I am sorry that there has been confusion here, I’ve been busy with the holidays, but I’m dropping in now to (hopefully!) help explain a little
Lime is a library designed to provide a consistent “blank canvas” environment on all our supported targets, so Flash Player, HTML5, Windows, macOS, Linux, iOS, Android, and others have ported Lime to consoles and set-top boxes and other systems. Lime is our cross-platform graphics, sound, input, windowing and other components, which means OpenFL can focus on being a Flash API, and not handling all these specifics. Lime also includes command-line tools, which are pretty great.
OpenFL is the Flash API. It supports rendering in OpenGL, Cairo, Canvas and even HTML5 DOM. In the browser (for instance) OpenGL is our default renderer, unless the user’s browser doesn’t give us WebGL, so we fallback to canvas. Certain features (shape.graphics or bitmapData.draw) will use software, but others (such as the display list) remain GPU accelerated.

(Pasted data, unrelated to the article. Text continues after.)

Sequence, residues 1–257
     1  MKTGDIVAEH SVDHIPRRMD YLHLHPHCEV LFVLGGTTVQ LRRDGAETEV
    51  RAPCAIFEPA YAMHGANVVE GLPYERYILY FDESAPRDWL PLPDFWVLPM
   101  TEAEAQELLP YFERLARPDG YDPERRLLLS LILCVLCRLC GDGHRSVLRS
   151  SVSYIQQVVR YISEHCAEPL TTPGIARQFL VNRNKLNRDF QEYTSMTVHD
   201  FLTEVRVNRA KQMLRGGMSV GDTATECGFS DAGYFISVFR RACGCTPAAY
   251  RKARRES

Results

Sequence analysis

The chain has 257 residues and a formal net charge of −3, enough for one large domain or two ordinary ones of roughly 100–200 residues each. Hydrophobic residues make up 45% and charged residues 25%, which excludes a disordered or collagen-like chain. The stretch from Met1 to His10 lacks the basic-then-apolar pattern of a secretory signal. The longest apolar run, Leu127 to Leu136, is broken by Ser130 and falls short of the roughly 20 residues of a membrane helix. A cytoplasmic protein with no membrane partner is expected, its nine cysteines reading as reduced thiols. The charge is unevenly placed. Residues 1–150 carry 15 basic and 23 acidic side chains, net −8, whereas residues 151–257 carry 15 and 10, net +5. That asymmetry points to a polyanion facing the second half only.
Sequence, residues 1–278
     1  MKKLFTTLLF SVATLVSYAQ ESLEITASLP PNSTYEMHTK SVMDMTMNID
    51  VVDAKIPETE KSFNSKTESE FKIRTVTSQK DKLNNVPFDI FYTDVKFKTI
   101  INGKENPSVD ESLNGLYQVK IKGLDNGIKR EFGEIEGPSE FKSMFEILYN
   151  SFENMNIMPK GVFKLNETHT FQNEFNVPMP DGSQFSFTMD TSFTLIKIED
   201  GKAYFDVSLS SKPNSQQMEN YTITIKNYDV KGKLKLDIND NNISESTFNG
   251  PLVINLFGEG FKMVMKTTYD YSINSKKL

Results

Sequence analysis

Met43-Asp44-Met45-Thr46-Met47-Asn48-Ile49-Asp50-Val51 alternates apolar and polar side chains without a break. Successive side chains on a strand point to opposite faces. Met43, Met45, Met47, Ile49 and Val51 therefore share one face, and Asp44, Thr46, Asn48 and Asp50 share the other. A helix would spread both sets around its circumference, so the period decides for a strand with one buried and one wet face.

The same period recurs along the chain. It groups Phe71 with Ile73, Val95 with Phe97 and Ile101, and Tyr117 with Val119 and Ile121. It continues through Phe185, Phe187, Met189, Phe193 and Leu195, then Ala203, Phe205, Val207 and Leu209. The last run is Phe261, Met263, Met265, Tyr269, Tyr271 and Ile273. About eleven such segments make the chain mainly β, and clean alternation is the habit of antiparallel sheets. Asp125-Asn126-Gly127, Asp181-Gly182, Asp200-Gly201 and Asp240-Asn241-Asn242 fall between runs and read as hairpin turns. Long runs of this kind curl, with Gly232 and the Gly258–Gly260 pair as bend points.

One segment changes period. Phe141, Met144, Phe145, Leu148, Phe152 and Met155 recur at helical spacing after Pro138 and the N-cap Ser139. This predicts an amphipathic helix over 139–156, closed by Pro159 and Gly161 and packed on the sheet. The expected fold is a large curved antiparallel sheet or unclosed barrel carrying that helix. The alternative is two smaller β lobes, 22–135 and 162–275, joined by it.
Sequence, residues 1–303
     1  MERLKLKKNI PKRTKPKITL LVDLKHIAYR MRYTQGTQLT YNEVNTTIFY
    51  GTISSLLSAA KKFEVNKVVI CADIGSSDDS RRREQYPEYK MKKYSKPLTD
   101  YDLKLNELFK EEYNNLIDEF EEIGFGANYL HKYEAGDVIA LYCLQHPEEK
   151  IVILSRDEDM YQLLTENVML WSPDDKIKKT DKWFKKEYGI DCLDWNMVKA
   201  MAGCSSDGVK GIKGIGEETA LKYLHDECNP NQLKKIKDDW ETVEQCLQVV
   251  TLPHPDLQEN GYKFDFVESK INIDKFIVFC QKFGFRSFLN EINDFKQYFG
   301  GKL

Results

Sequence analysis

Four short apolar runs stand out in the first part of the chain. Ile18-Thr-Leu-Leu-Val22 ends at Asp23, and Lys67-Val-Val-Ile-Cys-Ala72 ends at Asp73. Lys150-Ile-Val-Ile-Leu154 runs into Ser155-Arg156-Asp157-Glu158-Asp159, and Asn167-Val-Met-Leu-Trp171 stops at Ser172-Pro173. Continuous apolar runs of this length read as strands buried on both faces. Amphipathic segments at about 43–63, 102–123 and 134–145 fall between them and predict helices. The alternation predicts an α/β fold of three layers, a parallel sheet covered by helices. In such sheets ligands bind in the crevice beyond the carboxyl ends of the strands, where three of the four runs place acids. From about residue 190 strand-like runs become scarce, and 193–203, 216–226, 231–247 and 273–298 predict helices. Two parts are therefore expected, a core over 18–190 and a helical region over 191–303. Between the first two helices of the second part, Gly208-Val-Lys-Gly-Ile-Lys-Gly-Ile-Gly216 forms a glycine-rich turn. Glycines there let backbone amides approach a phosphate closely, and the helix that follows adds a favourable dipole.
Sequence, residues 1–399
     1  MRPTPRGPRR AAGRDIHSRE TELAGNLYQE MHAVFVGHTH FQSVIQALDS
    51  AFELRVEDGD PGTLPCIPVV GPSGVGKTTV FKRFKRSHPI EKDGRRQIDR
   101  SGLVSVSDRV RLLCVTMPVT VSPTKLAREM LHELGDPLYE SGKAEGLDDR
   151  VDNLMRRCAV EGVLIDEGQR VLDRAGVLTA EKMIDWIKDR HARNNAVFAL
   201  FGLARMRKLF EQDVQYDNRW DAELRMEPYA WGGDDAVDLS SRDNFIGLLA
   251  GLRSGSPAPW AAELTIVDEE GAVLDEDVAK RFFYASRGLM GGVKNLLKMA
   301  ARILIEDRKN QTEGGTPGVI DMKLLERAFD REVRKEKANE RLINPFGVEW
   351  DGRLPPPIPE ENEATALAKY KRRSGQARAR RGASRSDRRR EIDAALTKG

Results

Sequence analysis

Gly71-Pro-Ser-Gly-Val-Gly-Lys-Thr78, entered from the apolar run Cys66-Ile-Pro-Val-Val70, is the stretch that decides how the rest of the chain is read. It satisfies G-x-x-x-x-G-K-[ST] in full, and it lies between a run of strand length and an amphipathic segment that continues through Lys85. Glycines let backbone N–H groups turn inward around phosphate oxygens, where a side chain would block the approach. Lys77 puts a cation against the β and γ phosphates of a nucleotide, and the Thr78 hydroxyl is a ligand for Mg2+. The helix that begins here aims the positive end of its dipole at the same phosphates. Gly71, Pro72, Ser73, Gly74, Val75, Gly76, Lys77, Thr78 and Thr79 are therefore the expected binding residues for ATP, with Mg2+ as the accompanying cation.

Starling runs on Stage3D, as well as Flash APIs (such as TextField, or the event model). Starling needs a Flash API to run. It uses our Stage3D implementation, and does not really use the OpenFL display list to work.
Have you tried the Starling sample?
haxelib install starling
openfl create starling:demo
openfl test flash
There’s also a “particle-demo” included with Starling